I have not read much of Loren Cordain’s works, but I stumbled upon a passage from Rafe Kelley’s Natural Athletics blog (here) that appears to be quoted from Chapter 10 of Cordain’s book, The Paleo Diet for Athletics, which just landed a place on my ever-growing Amazon wish list.
The passage is quoted below, as quoted from Google Books and Kelley. It’s a fascinating insight to how some hunter-gatherers still forage for food in modern times. The bit about anthropologist Kim Hill’s experiences ducking beneath vines and branches all day reminds me of a sequence in Erwan Le Corre’s MovNat video (ELC MovNat links here) where Le Corre dashes through the woods weaving a path through the underbrush.
What I wonder (And expect a full-scale blog post on this soon) is how we can find a balance between our extremely specialized modern existence when foraging for food means driving to Kroger and hunting is playing corporate politics and pushing for a raise and our undeniable biological programming that expects us to be active, problem-solving generalists. As far as diet goes, it’s simple enough to suggest exercise should involve cross-training and wide variability. But what about fitness? A one-hour workout session makes for a nice compartmentalized way to look and feel in shape, but it makes exercise an end in and of itself rather than a means to secure our continued existence.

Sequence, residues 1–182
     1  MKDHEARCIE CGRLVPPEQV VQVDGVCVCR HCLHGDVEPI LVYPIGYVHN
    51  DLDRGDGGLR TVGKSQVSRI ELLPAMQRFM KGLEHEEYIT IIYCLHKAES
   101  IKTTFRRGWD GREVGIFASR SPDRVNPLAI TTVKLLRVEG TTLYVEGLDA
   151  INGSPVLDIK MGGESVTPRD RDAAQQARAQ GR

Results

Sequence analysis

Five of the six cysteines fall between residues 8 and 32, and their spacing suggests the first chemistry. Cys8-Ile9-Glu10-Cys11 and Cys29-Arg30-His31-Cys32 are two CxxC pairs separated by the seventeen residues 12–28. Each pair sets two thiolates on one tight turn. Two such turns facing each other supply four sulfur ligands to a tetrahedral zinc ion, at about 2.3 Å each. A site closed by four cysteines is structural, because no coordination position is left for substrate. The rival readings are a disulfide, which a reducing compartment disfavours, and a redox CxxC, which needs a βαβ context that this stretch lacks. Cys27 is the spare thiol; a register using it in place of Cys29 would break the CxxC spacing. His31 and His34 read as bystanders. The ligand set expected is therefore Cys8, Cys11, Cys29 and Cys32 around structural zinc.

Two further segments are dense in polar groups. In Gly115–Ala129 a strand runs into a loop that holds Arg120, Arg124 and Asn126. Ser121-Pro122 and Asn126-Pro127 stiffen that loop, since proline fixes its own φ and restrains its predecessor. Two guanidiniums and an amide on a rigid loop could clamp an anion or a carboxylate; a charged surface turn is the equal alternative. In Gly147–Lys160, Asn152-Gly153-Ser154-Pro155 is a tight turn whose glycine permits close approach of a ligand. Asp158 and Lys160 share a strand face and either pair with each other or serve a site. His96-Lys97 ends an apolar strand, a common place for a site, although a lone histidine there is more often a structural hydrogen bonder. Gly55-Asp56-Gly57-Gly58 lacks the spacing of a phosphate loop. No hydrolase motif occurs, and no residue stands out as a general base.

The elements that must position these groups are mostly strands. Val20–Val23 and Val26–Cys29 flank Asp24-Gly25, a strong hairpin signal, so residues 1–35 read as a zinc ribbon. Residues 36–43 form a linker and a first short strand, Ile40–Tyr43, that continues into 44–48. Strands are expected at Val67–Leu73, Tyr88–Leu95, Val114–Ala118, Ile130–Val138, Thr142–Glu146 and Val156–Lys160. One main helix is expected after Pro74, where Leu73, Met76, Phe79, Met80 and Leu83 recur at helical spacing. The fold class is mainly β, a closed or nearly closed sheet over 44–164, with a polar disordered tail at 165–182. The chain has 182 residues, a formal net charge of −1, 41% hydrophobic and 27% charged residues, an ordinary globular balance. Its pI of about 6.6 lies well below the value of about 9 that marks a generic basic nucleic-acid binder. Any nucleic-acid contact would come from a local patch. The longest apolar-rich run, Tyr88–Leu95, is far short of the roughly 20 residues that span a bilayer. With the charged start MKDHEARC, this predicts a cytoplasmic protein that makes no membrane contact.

I don’t want to run eight hours a day, mind you: I just want to find a better, more fulfilling balance.
Chapter 10 — The Paleolithic Athlete: The Original Cross-Trainer
Ten thousand years sounds like a long, long time ago. but if you think about it in terms of how logn the human genus (Homo) has existed (2.5 million years), 10,000 years is a mere blink of the eye on an evolutionary time scale. Somewhere in the Middle East about 10,000 years ago, a tiny band of people threw in the towel and abandoned their hunter-gatherer lifestyle. These early renegades became the very first farmers. They forsook a mode of life that had sustained each and every individual within the human genus for the previous 100,000 generations. In contrast only a paltry 400 human generations have come and gone since the first seeds of agriculture were sown. what started off as a renegade way of making a living became a revolution that would guarantee the complete and absolute eradication of every remaining hunter-gatherer on the planet. At the dawn of the 21st century, we are at the bitter end. Except for perhaps a half dozen uncontacted tribes in South America and a few others on the Andaman Islands in the Bay of Bengal, pure hunter-gatherers have vanished from the face of the earth. . . .